PMID- 30554898
OWN - NLM
STAT- MEDLINE
DCOM- 20190625
LR  - 20190625
IS  - 1879-0267 (Electronic)
IS  - 0020-1383 (Linking)
VI  - 50
IP  - 2
DP  - 2019 Feb
TI  - The association between patient education level and economic status on outcomes
      following surgical management of (fracture) non-union.
PG  - 344-350
LID - S0020-1383(18)30728-9 [pii]
LID - 10.1016/j.injury.2018.12.013 [doi]
AB  - BACKGROUND: Socioeconomic disparities are an inherent and currently unavoidable
      aspect of medicine. Knowledge of these disparities is an essential component
      towards medical decision making, particularly among an increasingly diverse
      population. While healthcare disparities have been elucidated in a wide variety
      of orthopaedic conditions and management options, they have not been established 
      among patients who present for treatment of an ununited fracture. The purpose of 
      this study is to answer the following questions: 1) Following surgical management
      of (fracture) non-unions, are there differences in outcomes between differing
      ethnic groups? 2) Following surgical management of (fracture) non-unions, are
      there differences in outcomes between patients with differing education levels?
      3) Following surgical management of (fracture) non-unions, are there differences 
      in outcome between patients with differing incomes? METHODS: Between September
      2004 and December 2017, operatively treated patients who presented with a long
      bone fracture non-union were prospectively followed. These patients presented
      with a variety of fracture non-unions that underwent surgical intervention.
      Sociodemographic factors were recorded at presentation. Long-term outcomes were
      evaluated using the Short Musculoskeletal Function Assessment (SMFA), pain
      scores, post-operative complications and physical exam at latest follow up. The
      SMFA is a 46-item questionnaire, assessing patient functional and emotional
      response to musculoskeletal ailments. RESULTS: Three-hundred-twenty-nine patients
      met inclusion criteria. Patients with a lower education had worse long-term
      functional outcomes (P < 0.001) and increased pain scores (P = 0.002) at latest
      follow-up. Patients who made less than $50,000 annually had worse long-term
      functional outcomes (P = 0.002) and reported higher pain scores (P = 0.003)
      following surgical management of (fracture) non-unions. Multiple linear
      regression demonstrated education level to be an independent predictor of
      long-term functional outcomes following surgical management of (fracture)
      non-unions (B= -0.154, 95% Confidence Interval [CI]=-10.96 to -1.26, P = 0.014). 
      No differences existed in outcomes or pain scores between those of different
      ethnic groups. No differences existed regarding post-operative complications and 
      time to union between patients of different ethnic groups, educational levels and
      income status. CONCLUSION: Patients with lower education levels and individuals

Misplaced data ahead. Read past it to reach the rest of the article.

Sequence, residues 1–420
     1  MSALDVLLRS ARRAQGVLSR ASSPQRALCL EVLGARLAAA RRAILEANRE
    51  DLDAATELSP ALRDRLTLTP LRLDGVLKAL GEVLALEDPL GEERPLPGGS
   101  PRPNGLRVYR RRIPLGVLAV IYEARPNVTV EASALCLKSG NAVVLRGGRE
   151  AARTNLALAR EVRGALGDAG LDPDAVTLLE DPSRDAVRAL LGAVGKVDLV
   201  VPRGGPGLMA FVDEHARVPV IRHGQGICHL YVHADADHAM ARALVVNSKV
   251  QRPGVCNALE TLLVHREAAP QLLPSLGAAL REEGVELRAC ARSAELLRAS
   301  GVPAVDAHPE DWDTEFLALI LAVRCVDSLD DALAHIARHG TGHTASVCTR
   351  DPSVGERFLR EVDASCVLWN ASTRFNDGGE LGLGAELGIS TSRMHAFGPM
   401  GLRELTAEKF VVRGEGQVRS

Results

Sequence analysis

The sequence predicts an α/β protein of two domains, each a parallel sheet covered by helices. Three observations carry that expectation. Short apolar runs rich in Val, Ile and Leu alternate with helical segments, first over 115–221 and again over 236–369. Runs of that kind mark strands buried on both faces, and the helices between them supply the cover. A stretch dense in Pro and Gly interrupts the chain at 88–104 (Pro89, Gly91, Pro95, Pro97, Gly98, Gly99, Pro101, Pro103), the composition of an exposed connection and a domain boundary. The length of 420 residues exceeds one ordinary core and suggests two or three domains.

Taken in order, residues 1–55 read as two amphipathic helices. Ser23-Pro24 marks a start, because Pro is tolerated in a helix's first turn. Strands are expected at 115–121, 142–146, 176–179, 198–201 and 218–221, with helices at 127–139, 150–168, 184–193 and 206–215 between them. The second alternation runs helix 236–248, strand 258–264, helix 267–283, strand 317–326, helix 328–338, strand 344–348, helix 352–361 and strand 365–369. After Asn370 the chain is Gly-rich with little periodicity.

who make less than $50,000 annually have worse functional outcomes following
      surgical management of (fracture) non-unions. Orthopaedic trauma surgeons should 
      therefore be aware of these disparities, and consider early interventions aimed
      at optimizing patient recovery in these subsets.
CI  - Copyright (c) 2018 Elsevier Ltd. All rights reserved.
FAU - Kugelman, David N
AU  - Kugelman DN
AD  - NYU Langone Orthopedic Hospital, 301 E 17th St, New York, NY 10003, United
      States. Electronic address: david.kugelman@nyumc.org.
FAU - Haglin, Jack M
AU  - Haglin JM
AD  - NYU Langone Orthopedic Hospital, 301 E 17th St, New York, NY 10003, United
      States. Electronic address: Jackhaglin@gmail.com.
FAU - Carlock, Kurtis D
AU  - Carlock KD
AD  - NYU Langone Orthopedic Hospital, 301 E 17th St, New York, NY 10003, United
      States. Electronic address: Kurtis.carlock@nyumc.org.
FAU - Konda, Sanjit R
AU  - Konda SR
AD  - NYU Langone Orthopedic Hospital, 301 E 17th St, New York, NY 10003, United
      States. Electronic address: Sanjit.konda@nyumc.org.
FAU - Egol, Kenneth A
AU  - Egol KA
AD  - NYU Langone Orthopedic Hospital, 301 E 17th St, New York, NY 10003, United
      States. Electronic address: kenneth.egol@nyumc.org.
LA  - eng
PT  - Journal Article
DEP - 20181206
PL  - Netherlands
TA  - Injury
JT  - Injury
JID - 0226040
SB  - IM
MH  - Adult
MH  - Educational Status
MH  - Ethnic Groups
MH  - Female
MH  - *Fracture Fixation, Internal/statistics & numerical data
MH  - Fractures, Bone/economics/epidemiology/*surgery
MH  - Fractures, Ununited/economics/epidemiology/*surgery
MH  - Health Services Research
MH  - Healthcare Disparities/*statistics & numerical data
MH  - Humans
MH  - Male
MH  - Middle Aged
MH  - Postoperative Complications/economics/*epidemiology
MH  - Prospective Studies
MH  - Socioeconomic Factors
MH  - Treatment Outcome
MH  - United States/epidemiology
OTO - NOTNLM
OT  - Educational disparities
OT  - Fracture disparities
OT  - Non-union
OT  - Orthopaedic disparities
OT  - Orthopaedic trauma disparities
EDAT- 2018/12/18 06:00
MHDA- 2019/06/27 06:00
CRDT- 2018/12/18 06:00
PHST- 2018/04/01 00:00 [received]
PHST- 2018/10/01 00:00 [revised]
PHST- 2018/12/04 00:00 [accepted]
PHST- 2018/12/18 06:00 [pubmed]
PHST- 2019/06/27 06:00 [medline]
PHST- 2018/12/18 06:00 [entrez]
AID - S0020-1383(18)30728-9 [pii]
AID - 10.1016/j.injury.2018.12.013 [doi]
PST - ppublish
SO  - Injury. 2019 Feb;50(2):344-350. doi: 10.1016/j.injury.2018.12.013. Epub 2018 Dec 
      6.